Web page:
When treating patients infected with tuberculosis, wear a mask with an N95 filter, and “make sure your hands are clean,” said Margaux Amara, Ridgefield High class of 2014.
Amara, 22, spent six months on the ground in Liberia with Partners in Health, a nonprofit helping the Liberian government rebuild its tuberculosis program. In 2014, the West African nation people faced an outbreak of the ebola virus, which devastated the nation. Partners in Health was one of the international organizations that offered to help with the crisis.
“Partners in Health decided to stick around, and that’s why we’re here,” said Amara, who was previously featured in The Press last August for her efforts lobbying in Washington, D.C., to get more funding to fight the tuberculosis.
“We go to the hardest to reach places with the least amount of resources … and that’s kind of our goal,” she added.
Ebola was the latest in a long line of misfortunes for the nation of about 5 million people, which was founded as a harbor for freed slaves in 1847. Through most of the 1990s and part of the early 2000s, the country was rocked by two brutal civil wars sparked by political unrest. It is now the seventh poorest nation in the world, with an annual gross domestic product of about $456 per-person, according to the World Bank.
Enter tuberculosis, a bacterial infection largely eradicated in the United States (there were around 9,000 new cases in the U.S. in 2017, according to the CDC). Those who fight the disease, say it “knocks on the door of the poor,” Amara said. “It shows up in the poorest places in the world.”
“It’s a social disorder” that’s the result of “massive inequity,” she added.
Putting the work in
Day to day, Amara worked as an administrative assistant in the capital city of Monrovia (named for U.S. President James Monroe), helping to manage money raised through the Global Fund, a grant program for fighting diseases set up by the United Nations.
She spent part of each day at a hospital set up for patients with tuberculosis, where she worked on a program helping to raise awareness of the disease’s risks, and help reintegrate those who had been cured back into society. In some cases, patients treated for tuberculosis were rejected by their families or communities.
She took part in weekly support groups for patients. “In some cases, we provide them with school fees, or micro-loans to get their business started,” Amara said.
Was she concerned at any point that her job put her in danger?
“That’s an interesting question,” Amara said with a laugh. “The answer is I should be concerned,” but not “if the proper procedures are followed,” she quickly added.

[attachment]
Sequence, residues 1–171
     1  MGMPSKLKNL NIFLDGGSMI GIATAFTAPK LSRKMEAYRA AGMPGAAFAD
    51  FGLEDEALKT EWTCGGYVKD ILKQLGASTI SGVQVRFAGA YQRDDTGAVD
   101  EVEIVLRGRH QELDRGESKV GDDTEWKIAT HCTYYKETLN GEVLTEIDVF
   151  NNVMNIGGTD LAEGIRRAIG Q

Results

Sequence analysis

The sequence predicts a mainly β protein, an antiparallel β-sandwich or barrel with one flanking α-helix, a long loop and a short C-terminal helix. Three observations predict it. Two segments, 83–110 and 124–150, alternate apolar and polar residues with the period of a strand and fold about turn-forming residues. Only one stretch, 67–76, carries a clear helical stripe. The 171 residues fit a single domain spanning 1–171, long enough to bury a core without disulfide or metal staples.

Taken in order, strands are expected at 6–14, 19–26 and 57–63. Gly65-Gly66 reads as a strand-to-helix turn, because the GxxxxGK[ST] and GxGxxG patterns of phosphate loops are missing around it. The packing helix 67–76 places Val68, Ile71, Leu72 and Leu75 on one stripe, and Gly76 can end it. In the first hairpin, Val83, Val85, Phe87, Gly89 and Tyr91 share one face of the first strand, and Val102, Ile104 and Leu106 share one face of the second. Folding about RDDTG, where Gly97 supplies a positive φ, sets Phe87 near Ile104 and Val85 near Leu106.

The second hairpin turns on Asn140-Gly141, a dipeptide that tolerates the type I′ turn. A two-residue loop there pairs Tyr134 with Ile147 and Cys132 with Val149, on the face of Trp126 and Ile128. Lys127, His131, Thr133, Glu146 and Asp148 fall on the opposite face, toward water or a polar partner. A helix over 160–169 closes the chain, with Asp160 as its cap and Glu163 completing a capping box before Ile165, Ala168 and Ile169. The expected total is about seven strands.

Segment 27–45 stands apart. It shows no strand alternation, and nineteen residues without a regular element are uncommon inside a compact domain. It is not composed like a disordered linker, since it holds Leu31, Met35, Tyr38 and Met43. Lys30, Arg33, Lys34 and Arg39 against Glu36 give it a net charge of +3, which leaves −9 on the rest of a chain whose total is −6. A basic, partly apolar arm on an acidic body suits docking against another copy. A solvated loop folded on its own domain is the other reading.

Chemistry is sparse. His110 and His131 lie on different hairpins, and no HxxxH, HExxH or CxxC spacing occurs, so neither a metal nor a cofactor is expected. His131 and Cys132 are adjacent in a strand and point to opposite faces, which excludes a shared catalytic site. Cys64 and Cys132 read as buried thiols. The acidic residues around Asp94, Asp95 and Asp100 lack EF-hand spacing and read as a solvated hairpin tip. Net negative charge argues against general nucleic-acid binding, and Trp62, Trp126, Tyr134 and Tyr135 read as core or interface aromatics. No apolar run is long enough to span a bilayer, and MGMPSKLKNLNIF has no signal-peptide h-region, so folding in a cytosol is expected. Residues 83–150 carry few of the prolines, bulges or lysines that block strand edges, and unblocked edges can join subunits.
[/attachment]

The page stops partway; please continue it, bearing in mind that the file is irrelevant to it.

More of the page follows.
That means clean hands and a mask to ward against airborne transmission of the disease.
“It’s airborne — lot of people all over the world just don’t know that,’ she said. “Part of our work here, too, is trying to really educate our patients on transmission … I think it’s really just one of those diseases that just kind of been swept under the rug on a global level.”
Working with patients — most of whom speak a pidgin form of English similar to creole — could produce some interesting results. “It’s a very strong dialect,” Amara explained. “I work for two Haitian doctors … I’ve been in a room with a Haitian doctor, a Liberian patient, and we’re all speaking English, but we can’t understand each other.”
Despite the thousands of miles of Atlantic Ocean between Monrovia and Ridgefield, Amara said she immediately felt at home. ”It’s probably because I felt really ready to experience something new, but also because Liberian people are just really wonderful,” she said. “Liberians are a welcoming people — they’re funny, they’re loud, they’re energetic.”
They’ve endured. “The Liberian people are a strong people — they’ve been through two civil wars and an Ebola epidemic,” said Amara.
She will be returning to Ridgefield on Feb. 6, when she plans to take the Medical College Admission Test — she graduated from UConn with a major in molecular and cell biology, and is working toward becoming a doctor.
She noted that Partners in Health is involved in the country only because they were asked to help by the Liberian government. The eventual goal is that they won’t be needed at all.
“I think that’s something about NGOs [non-government organizations] that’s often overlooked— what happens when they leave?” said Amara.
Helping to rebuild the healthcare system of Liberia after the Ebola outbreak means patients 15 years from now will be able to get the care they need, she said. It’s national guidelines that “affects millions of people.”
“It’s really an amazing thing,” she said.